Hammerson has pocketed £236 million after it completed the sale of its 50 per cent stake in Leicester’s Highcross shopping centre.
The firm’s stake in the centre was sold to an Asian investor introduced by M&G Real Estate.
As previously reported, the sale price represents a five per cent discount to the December 2017 book value.
The completion of the transaction also follows successful standard EU competition clearance and the arrangement of a five-year £165.2 million loan by the joint venture – of which Hammerson’s share is £82.6 million.
The five-year loan is secured on Highcross on a non-recourse basis and the facility is repayable in full at maturity in February 2024.
Hammerson said it would use the net proceeds from the sale to reduce drawings under its revolving credit facilities and reduce net debt.
It added that the proceeds from its share of the loan would also be used to reduce drawings under revolving credit facilities with no impact to the firm’s group net debt.
“We are pleased to have attracted a respected investor who shares our future vision for Highcross,” Hammerson chief executive David Atkins said.
Highcross has seen a significant boost in its retail line up in recent years, with space proactively taken back from House of Fraser in 2016 now accommodating a flagship Zara store alongside a full-line JD Sports, as well as providing additional restaurant and leisure space.
There have also been a recent series of high-profile signings from brands such as Mercedes-Benz, The White Company, Cath Kidston and Typo.
“The recent leasing momentum demonstrates that brands continue to open new stores, however the location has to be right, with only the best destinations making the cut” Atkins said.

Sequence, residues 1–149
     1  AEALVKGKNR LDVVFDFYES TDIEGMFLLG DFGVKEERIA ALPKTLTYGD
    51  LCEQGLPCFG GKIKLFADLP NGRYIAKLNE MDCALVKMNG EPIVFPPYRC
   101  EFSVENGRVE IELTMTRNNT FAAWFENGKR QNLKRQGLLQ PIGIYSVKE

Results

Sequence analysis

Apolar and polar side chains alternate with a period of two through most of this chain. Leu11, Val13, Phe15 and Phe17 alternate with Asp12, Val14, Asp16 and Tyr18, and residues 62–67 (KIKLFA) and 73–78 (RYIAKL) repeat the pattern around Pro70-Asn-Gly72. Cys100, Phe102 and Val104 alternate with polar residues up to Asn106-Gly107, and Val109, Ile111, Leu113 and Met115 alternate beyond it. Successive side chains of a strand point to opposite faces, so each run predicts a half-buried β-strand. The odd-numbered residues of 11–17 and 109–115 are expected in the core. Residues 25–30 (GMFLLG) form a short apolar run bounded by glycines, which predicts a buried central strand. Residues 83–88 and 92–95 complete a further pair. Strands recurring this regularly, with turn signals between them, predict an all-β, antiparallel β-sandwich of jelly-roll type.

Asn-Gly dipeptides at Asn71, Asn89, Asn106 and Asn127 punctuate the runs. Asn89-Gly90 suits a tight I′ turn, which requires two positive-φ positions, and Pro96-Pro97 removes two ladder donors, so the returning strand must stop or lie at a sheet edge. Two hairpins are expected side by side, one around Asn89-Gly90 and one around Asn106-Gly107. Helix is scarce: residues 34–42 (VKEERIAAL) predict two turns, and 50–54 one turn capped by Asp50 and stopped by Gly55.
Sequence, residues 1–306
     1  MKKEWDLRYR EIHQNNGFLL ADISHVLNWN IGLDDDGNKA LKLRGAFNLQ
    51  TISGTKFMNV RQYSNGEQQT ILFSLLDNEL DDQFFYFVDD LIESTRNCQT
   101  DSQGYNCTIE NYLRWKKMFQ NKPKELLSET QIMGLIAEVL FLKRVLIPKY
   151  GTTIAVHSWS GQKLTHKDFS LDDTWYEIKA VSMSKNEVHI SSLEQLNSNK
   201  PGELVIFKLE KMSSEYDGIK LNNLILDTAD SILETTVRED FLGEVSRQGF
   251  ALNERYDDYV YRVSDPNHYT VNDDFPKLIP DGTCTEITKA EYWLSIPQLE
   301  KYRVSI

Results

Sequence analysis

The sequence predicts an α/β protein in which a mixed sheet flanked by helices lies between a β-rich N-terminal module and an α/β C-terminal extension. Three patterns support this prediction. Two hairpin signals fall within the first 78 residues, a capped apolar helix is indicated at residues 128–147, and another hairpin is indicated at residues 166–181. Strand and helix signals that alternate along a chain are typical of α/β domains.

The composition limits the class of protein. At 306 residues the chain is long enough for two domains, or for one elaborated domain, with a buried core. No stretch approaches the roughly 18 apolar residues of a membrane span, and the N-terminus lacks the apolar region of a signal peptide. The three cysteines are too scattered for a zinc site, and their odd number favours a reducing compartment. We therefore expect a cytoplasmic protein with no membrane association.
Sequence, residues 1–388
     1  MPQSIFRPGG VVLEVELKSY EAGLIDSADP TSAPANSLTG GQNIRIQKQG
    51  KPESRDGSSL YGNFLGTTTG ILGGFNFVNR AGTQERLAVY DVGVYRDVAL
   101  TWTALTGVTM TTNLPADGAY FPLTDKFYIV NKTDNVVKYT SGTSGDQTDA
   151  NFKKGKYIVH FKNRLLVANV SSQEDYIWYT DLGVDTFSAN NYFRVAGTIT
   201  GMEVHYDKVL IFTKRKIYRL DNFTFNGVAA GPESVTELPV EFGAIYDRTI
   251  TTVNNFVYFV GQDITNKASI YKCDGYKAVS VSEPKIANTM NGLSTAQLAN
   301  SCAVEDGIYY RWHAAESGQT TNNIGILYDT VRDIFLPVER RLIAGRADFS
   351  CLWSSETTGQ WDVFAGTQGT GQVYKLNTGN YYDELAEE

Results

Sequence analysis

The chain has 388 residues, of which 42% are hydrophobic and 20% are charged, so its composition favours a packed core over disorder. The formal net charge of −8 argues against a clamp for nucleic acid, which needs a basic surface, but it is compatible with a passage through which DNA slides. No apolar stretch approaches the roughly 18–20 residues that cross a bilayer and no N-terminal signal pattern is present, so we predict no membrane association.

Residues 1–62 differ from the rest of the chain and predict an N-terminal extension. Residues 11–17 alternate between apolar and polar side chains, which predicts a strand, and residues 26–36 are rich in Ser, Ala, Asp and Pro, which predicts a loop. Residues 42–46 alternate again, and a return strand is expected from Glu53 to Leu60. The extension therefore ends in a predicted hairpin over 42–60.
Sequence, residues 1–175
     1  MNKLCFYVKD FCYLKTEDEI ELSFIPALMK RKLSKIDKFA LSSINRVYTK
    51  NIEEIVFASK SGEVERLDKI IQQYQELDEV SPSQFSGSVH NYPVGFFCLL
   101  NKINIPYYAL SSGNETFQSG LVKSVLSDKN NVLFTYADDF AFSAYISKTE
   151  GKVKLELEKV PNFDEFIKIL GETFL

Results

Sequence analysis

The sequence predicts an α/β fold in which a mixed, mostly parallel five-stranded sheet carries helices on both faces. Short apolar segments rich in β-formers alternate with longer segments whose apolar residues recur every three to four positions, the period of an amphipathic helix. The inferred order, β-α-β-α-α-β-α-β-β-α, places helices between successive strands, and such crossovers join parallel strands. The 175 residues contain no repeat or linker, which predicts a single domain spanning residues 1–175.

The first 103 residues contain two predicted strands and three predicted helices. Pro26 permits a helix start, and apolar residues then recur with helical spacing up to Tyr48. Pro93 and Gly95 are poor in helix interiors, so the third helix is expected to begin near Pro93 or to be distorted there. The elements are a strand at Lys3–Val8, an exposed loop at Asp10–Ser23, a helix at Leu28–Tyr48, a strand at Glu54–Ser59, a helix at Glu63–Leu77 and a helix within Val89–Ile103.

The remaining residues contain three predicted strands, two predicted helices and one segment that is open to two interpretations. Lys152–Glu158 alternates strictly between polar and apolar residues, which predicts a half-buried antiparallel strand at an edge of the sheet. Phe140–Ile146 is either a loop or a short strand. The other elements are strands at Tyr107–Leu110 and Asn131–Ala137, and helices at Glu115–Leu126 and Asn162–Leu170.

“We don’t see this changing anytime soon, and a vibrant brand line-up with the ability to ensure constant variety is fundamental to Highcross’ success as a flagship venue.”
“Given the high quality tenant base we were able to obtain attractive pricing on the Highcross loan and lock in low interest rates.
“Whilst Hammerson typically funds from the unsecured debt capital markets, this financing continues the use of secured debt on selected joint ventures.”
Earlier this year, Hammerson launched a new strategic plan to address shareholder anger after profits nosedived by 80 per cent.
Part of the new strategy was a disposal target of £1.1 billion by the end of 2019, which will mainly derive from selling its retail parks’ assets.
The shopping centre giant reached £300 million in disposals mid this year and its overall target for 2018 was increased to £600 million.
Notable assets in Hammerson’s portfolio include the Bullring in Birmingham, Cabot Circus in Bristol, Victoria Gate in Leeds, Westquay in Southampton and Brent Cross in London.